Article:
• amyloid;
  • aromatic stacking;
  • CH–π interaction;
  • glycolipid;
  • suramin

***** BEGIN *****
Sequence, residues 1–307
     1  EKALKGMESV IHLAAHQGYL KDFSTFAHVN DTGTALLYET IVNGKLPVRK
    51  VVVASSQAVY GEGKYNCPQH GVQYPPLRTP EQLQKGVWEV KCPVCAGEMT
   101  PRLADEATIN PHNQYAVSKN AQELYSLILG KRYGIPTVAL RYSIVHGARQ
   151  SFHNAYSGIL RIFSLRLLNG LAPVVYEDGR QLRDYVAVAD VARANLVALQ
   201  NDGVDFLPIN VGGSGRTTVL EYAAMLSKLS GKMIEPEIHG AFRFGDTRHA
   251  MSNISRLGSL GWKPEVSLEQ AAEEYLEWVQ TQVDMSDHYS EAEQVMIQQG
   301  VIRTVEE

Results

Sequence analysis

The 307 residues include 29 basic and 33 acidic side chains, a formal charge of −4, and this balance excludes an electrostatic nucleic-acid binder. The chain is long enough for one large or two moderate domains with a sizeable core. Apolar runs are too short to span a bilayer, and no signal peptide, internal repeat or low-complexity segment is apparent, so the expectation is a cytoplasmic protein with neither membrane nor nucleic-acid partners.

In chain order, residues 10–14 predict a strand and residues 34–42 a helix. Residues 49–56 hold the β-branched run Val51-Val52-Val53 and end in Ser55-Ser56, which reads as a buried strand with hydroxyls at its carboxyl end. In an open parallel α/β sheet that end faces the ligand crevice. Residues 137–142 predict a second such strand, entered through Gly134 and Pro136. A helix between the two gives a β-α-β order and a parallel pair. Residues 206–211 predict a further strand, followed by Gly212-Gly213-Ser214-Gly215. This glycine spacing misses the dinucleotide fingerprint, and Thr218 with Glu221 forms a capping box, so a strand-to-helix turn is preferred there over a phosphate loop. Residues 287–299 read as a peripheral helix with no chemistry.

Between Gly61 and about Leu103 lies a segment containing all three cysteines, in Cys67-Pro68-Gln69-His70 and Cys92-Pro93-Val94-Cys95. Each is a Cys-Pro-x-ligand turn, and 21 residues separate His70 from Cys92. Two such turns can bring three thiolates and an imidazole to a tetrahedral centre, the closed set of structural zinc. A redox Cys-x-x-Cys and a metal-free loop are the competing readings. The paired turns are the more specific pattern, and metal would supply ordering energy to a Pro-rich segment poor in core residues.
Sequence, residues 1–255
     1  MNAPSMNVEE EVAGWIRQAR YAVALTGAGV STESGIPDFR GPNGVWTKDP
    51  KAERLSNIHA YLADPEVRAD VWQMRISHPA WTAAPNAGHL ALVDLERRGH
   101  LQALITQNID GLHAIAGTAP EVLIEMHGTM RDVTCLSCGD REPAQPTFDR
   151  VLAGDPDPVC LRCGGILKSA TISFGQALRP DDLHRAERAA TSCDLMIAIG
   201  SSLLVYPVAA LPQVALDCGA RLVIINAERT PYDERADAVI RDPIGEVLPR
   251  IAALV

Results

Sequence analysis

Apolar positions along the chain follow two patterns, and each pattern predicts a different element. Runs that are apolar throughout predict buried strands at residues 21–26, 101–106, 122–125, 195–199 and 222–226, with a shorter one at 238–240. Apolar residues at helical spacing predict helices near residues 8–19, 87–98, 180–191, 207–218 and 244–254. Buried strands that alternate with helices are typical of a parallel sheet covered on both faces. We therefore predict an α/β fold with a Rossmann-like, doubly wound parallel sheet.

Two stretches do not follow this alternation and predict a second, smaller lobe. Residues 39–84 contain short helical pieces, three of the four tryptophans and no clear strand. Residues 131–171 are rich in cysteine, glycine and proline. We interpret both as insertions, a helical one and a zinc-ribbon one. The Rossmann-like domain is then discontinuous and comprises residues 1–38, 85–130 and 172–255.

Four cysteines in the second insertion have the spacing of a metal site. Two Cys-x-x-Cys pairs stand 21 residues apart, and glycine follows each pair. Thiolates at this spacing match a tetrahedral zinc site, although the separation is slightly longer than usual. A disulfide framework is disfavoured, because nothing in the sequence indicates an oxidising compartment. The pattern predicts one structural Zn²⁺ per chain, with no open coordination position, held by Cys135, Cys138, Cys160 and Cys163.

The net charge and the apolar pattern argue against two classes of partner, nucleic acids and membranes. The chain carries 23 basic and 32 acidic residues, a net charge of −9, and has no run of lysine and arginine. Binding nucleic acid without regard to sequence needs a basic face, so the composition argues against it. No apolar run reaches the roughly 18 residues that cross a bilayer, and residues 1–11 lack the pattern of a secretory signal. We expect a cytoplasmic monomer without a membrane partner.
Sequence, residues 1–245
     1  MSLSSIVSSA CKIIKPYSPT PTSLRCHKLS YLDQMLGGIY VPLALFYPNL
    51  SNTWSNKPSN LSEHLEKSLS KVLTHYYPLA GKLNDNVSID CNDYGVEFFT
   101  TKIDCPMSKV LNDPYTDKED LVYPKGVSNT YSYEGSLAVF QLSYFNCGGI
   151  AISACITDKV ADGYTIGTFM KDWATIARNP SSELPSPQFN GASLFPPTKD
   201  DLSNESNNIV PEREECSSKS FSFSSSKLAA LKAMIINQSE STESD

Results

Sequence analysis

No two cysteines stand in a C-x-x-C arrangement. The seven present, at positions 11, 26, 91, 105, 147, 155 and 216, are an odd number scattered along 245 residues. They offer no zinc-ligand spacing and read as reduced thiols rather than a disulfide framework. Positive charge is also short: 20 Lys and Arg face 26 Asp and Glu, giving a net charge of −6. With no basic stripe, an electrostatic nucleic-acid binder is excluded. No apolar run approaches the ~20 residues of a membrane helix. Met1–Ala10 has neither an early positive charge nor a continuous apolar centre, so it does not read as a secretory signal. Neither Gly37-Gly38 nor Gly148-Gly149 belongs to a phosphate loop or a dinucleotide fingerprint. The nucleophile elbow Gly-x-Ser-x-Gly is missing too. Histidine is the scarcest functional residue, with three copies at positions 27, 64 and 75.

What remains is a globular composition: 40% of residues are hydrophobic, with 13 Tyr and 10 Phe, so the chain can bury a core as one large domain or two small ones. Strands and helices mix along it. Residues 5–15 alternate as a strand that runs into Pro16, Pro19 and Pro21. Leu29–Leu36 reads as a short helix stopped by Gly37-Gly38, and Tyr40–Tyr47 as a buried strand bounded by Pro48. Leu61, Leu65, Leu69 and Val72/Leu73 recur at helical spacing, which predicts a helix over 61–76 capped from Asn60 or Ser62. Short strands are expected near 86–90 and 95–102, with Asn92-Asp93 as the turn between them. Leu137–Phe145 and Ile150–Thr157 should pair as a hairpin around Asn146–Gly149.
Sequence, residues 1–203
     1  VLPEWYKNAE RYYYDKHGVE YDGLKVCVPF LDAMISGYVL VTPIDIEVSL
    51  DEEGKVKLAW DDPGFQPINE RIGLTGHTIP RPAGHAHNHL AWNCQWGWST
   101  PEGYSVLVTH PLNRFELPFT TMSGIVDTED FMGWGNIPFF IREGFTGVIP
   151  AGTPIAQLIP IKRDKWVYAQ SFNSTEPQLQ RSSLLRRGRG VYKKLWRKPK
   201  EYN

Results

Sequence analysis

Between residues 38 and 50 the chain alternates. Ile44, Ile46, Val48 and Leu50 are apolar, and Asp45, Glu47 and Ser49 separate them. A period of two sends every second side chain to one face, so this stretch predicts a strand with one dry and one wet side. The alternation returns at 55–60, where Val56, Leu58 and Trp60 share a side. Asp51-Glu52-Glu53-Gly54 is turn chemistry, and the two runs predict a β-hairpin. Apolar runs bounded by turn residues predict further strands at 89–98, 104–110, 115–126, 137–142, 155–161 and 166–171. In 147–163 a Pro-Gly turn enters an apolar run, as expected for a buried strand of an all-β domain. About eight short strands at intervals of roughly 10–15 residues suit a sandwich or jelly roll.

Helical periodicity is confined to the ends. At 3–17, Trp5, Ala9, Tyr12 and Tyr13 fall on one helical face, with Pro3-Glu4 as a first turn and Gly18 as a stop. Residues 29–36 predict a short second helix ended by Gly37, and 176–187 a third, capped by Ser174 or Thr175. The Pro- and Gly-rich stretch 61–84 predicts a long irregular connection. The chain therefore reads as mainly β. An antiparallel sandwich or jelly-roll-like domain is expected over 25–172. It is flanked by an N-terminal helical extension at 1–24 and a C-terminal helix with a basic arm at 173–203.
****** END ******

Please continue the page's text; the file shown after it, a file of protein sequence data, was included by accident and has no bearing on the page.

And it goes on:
Several proteins that interact with cell surface glycolipids share a common fold with a solvent-exposed aromatic residue that stacks onto a sugar ring of the glycolipid (CH–π stacking interaction). Stacking interactions between aromatic residues (π–π stacking) also play a pivotal role in the assembly process, including many cases of amyloid fibril formation. We found a structural similarity between a typical glycolipid-binding domain (the V3 loop of HIV-1 gp120) and the minimal amyloid-forming fragment of the human islet amyloid polypeptide, i.e. the octapeptide core module NFGAILSS. In a monolayer assay at the air–water interface, the NFGAILSS peptide specifically interacted with the glycolipid lactosylceramide. The interaction appears to require an aromatic residue, as NLGAILSS was poorly recognized by lactosylceramide, whereas NYGAILSS behaved like NFGAILSS. In addition, we observed that the full-length human islet amyloid polypeptide (1–37) did interact with a monolayer of lactosylceramide, and that the glycolipid film significantly affected the aggregation process of the peptide. As glycolipid–V3 interactions are efficiently inhibited by suramin, a polyaromatic compound, we investigated the effects of suramin on amyloid formation by human islet amyloid polypeptide. We found that suramin inhibited amyloid fibril formation at low concentrations, but dramatically stimulated the process at high concentrations. Taken togther, our results indicate that the minimal amyloid-forming fragment of human islet amyloid polypeptide is a glycolipid-binding domain, and provide further experimental support for the role of aromatic π–π and CH–π stacking interactions in the molecular control of the amyloidogenesis process.